11 minutes | Mar 28, 2013
Wired for Sales? What to Look for In Your Next Sales Hire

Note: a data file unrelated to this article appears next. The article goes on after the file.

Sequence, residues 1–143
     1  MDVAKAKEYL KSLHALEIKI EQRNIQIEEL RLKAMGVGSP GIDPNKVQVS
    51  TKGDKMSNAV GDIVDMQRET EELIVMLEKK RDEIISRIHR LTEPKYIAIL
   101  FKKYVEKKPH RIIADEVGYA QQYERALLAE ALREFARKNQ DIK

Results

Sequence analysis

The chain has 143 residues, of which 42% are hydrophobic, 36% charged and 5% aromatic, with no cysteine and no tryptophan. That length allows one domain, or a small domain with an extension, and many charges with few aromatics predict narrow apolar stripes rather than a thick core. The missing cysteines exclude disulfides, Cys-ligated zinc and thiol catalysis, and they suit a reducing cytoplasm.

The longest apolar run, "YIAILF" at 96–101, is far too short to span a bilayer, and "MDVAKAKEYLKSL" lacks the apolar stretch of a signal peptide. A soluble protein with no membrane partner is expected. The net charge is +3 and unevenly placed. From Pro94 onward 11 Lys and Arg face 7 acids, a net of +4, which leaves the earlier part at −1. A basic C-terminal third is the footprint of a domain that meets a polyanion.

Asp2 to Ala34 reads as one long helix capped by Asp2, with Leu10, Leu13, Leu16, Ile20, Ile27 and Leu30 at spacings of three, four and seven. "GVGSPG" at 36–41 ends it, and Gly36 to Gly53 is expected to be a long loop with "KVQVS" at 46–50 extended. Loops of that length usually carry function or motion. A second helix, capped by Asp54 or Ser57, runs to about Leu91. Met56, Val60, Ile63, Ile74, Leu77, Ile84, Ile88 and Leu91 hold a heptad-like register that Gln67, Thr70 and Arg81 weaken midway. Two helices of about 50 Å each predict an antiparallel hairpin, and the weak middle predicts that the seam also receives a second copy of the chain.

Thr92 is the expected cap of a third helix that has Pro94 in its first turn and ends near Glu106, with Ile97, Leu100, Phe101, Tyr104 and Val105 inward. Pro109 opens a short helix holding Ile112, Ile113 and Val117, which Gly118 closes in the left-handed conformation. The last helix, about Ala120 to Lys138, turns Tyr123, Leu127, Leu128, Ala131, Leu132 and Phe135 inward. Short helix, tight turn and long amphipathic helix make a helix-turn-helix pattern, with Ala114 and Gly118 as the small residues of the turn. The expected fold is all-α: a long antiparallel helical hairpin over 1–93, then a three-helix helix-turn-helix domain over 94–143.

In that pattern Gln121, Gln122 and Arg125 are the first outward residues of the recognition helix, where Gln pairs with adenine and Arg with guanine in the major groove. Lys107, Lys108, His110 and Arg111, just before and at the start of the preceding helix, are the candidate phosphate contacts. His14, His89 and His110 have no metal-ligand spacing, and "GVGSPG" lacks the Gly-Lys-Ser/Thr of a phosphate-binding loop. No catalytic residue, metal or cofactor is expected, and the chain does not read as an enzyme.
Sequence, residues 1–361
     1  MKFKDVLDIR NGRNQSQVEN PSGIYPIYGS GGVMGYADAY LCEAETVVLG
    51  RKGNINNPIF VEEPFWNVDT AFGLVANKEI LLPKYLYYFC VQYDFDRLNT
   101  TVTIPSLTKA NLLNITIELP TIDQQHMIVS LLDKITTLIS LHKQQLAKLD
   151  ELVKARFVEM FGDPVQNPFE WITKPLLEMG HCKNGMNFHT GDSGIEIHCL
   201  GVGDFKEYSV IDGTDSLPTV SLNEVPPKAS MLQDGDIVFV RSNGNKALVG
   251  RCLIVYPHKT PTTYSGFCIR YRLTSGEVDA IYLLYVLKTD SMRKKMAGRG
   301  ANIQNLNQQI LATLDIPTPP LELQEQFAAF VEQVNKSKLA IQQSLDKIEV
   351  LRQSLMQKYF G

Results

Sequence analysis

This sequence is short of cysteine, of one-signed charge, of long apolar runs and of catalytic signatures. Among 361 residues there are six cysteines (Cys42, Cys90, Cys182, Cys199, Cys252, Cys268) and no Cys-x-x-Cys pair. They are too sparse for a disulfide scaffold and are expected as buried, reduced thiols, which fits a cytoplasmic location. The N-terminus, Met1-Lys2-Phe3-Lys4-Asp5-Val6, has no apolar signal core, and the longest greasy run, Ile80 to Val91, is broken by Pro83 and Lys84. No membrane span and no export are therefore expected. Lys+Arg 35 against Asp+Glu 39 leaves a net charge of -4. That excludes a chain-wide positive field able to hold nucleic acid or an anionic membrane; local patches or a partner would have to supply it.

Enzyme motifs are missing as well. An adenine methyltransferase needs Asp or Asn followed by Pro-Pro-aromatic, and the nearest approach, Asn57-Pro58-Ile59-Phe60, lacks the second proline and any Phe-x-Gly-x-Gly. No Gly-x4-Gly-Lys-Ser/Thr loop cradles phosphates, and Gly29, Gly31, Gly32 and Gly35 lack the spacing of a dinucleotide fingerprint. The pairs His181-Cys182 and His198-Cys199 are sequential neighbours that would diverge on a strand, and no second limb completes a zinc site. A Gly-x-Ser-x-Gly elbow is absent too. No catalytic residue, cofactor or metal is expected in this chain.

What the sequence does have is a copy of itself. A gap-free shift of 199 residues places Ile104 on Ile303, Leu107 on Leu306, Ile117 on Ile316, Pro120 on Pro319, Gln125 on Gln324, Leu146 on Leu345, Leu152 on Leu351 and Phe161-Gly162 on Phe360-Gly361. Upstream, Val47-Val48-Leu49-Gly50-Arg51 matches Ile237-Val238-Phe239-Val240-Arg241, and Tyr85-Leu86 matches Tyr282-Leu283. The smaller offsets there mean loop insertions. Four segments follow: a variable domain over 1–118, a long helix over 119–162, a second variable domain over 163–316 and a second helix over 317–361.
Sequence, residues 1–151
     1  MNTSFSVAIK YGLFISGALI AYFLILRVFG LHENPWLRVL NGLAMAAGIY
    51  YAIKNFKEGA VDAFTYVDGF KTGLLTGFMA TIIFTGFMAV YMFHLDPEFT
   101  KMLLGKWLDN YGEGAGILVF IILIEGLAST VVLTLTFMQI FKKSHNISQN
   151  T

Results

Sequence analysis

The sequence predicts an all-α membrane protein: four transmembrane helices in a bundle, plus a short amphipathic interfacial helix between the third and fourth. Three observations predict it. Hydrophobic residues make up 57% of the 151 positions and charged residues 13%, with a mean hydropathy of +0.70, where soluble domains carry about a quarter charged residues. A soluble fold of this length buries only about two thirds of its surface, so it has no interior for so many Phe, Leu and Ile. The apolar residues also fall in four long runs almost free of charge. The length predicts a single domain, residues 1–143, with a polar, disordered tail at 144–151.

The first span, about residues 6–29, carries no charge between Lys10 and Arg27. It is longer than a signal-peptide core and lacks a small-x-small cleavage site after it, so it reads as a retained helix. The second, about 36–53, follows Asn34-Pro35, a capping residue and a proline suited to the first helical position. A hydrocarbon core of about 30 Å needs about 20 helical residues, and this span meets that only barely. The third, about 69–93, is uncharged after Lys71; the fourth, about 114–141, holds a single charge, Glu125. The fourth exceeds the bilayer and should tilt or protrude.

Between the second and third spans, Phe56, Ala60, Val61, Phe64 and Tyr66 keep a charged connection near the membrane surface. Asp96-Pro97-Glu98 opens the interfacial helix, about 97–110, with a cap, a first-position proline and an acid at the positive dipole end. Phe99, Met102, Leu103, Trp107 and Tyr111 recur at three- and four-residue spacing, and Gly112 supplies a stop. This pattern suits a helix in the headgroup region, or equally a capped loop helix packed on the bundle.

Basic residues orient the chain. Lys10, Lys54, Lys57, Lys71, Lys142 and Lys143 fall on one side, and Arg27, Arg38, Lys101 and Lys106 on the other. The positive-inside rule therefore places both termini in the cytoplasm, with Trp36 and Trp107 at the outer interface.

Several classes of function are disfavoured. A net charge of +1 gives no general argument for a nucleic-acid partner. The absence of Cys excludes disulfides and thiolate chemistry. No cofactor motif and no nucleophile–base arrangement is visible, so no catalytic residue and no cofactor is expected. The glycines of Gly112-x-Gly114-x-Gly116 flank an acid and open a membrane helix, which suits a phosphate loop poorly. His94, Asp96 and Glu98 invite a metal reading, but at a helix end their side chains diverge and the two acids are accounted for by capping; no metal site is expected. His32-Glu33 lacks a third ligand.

Last week, in Hiring Salespeople - Part I, we discussed how Pareto's Principle applies to most sales organizations where 80 percent of the revenue is produced by 20 percent of the salespeople. This week, Jim Allen, Founder and Principal of Value Based, Inc - a company that helps businesses build and develop their own sales organizations - joins the show to discuss how you can break through the 80/20 rule by more effectively recruiting, assessing, and hiring salespeople who are already "wired" for sales. What attributes do the most successful salespeople possess? Jim rattled off the following characteristics that we should be looking for when looking to hire a salesperson: Self-starter: When top salespeople get up in the morning, go to work, and are setting up their calendar; they're thinking "what can I initiate" or "what can I be intentional about today that would help open up, advance, or close a sales opportunity?" Competitive: This goes along with the desire to win that we discussed last week. Strategic and long-term thinker and planner: someone who sees past the immediate transaction and is looking to build valuable relationships with prospects, clients, and partners. Creative problem solvers: This is especially important for people selling complex products and services that take a while to sell and implement. It is also important that they believe in and standby their creative solutions, even when facing objections from prospects or clients. Perseverance: Important for a salesperson to quickly get back up when they face rejection, or are even offended by prospects or clients. Confidence (arrogant-free, please!) Humility: Jim describes this as not thinking less of yourself in relation to others; but simply directing more of your thoughts towards serving your clients, prospects, or co-workers, instead of being wrapped up in thoughts about yourself and your own comfort. Empathy: Being able to walk a mile in the prospects shoes, or getting inside their heads, feeling their pain or discomfort that they're trying to solve for. Are successful salespeople born or developed? Jim believes that salespeople who are successful over the long-haul - 10 or more years - are bo